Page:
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Eminence Investors, L.L.L.P. v. Bank of New York Mellon

United States District Court, E.D. California

June 6, 2014

EMINENCE INVESTORS, L.L.L.P., Plaintiff,
v.
BANK OF NEW YORK MELLON, Defendant.

FINDINGS AND RECOMMENDATIONS GRANTING PLAINTIFFS' MOTION TO REMAND (ECF No. 25)

MICHAEL J. SENG, Magistrate Judge.

I. INTRODUCTION AND PROCEDURAL HISTORY

In this action Eminence Investors, L.L.L.P. and John Does ("Plaintiffs") seek to recover for Bank of New York Mellon's ("Defendant's") alleged breaches of duties it owed as the Indenture Trustee of bonds issued to fund the development of real property.

Apparently undisputed facts reflect that in 1996, the Jensen Ranch Public Financing Authority ("Financing Authority") issued $16 million in bonds to fund development of property in Madera County, California, owned by River Bend Ranches, L.P. The Financing Authority entered into an Indenture with Defendant's predecessor trustee obligating the trustee to perform specified functions in connection with the bonds. The Financing Authority loaned the property owner the proceeds of the bonds and took as security a deed of trust on the real property. The Financing Authority then assigned the note and deed of trust to the Indenture Trustee as called for in the Indenture. Defendant later succeeded, and assumed the duties of, the original Indenture Trustee.

In 2001, River Bend Ranches, L.P. defaulted on the note and the Financing Authority defaulted under the terms of the Indenture. Plaintiff Eminence Investors, L.L.L.P. ("Plaintiff Eminence") subsequently purchased approximately 9.6% ($1, 539, 000 face value) of the outstanding bonds. On November 23, 2011, Plaintiff Eminence initiated this case against Defendant and two California residents in Madera County California Superior Court, Case No. MCV 058453. The Complaint identified Plaintiff Eminence as the "representative owner" of 25% of the outstanding bonds and sought in excess of $10, 000, 000 in damages for Defendant's alleged breach of fiduciary duties, negligence, unjust enrichment, and violation of California Business and Professions Code section 17200, all arising out of Defendant's role as Indenture Trustee.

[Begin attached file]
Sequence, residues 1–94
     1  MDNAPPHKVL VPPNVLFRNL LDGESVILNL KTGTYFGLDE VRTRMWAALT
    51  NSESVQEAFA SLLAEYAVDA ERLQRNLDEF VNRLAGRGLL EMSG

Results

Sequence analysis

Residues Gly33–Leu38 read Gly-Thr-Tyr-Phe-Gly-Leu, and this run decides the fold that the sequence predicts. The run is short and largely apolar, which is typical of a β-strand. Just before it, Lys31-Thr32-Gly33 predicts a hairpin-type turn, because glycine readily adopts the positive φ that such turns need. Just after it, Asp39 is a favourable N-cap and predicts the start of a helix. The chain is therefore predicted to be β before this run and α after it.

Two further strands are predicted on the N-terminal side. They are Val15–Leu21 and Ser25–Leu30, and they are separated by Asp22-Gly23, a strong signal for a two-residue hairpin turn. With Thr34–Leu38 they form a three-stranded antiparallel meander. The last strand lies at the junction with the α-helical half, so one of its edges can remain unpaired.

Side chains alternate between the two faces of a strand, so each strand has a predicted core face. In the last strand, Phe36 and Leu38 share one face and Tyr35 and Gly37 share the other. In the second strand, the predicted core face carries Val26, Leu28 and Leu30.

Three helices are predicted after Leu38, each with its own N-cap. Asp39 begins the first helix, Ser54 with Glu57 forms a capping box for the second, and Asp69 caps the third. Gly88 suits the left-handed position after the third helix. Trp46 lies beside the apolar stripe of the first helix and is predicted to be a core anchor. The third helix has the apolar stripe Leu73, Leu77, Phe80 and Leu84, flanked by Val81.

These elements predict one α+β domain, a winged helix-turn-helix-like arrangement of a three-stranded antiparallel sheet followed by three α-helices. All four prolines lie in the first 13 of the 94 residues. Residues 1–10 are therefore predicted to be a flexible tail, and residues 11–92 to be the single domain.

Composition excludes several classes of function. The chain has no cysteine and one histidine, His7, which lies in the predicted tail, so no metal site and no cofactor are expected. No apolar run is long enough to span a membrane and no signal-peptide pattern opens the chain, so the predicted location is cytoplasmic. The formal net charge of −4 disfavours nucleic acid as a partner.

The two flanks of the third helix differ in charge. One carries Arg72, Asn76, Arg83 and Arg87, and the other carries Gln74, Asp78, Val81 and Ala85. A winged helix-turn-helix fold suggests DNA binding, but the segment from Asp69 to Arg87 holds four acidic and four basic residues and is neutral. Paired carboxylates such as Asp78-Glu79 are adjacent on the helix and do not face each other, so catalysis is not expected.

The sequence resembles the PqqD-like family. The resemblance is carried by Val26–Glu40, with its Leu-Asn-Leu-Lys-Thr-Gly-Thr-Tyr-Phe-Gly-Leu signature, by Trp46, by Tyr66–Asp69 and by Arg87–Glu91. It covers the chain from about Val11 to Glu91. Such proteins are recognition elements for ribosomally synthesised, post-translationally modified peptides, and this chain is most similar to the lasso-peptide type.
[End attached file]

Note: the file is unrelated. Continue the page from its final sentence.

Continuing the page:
On November 13, 2013, the Madera Superior Court entered an Order approving the parties' stipulation to Plaintiff Eminence's filing a First Amended Complaint. The First Amended Complaint added class allegations on behalf of more than 100 individuals each holding bonds having at least $5000 in face value.[1]

On December 10, 2013, within 30 days of the filing of the First Amended Complaint, Defendant removed the case to this Court alleging federal jurisdiction under the Class Action Fairness Act, 28 U.S.C. Section 1446. (ECF No. 1.) On January 9, 2014, Plaintiffs filed this Motion to Remand the action back to the state Superior Court. (ECF No. 25.)

A hearing on the Remand motion was held February 7, 2014. The Court there requested supplemental briefing which Plaintiff filed February 21, 2014, and Defendant filed March 7, 2014. (ECF Nos. 50 & 51, respectively.) The parties then submitted unsolicited letter briefs addressing the Ninth Circuit Court of Appeals February 18, 2014, decision in Rea v. Michaels Stores, Inc. , 742 F.3d 1234 (9th Cir. 2014).

Plaintiffs' Motion for Remand now stands ready for decision.

II. ISSUES PRESENTED

Plaintiffs do not appear to dispute that the diversity, numerosity, and amount in controversy requirements for removal have been met here.

Rather, Plaintiffs claim, first, that Defendant's removal of this case to Federal Court was untimely because it came more than thirty days after August 23, 2013, when for the first time there was complete diversity between the only remaining parties, Plaintiff Eminence, an Arkansas limited partnership, and Defendant, a New York corporation. According to Plaintiffs, Defendant therefor had only until September 22, 2013, to remove the case.

Defendant responds that Plaintiffs' November 13, 2013, First Amended Complaint so fundamentally altered the nature of the case as to provide a new basis for removal, and thereby started the thirty day time limit for removal running again.

Plaintiffs also claim that Defendant's removal under CAFA is misplaced because their claims arise out of Defendant's failure to perform as obligated under the Indenture Agreement and the statute specifically excludes from its coverage actions arising out of rights, duties and obligations related to or created by a security (such as the bonds here). 28 U.S.C. ยง 1332(d)(9)(C).

To this latter claim Defendant responds that Plaintiffs' claims arise solely out of common law and exist independently of, and indeed are wholly inconsistent with, the terms of the Indenture Agreement ...


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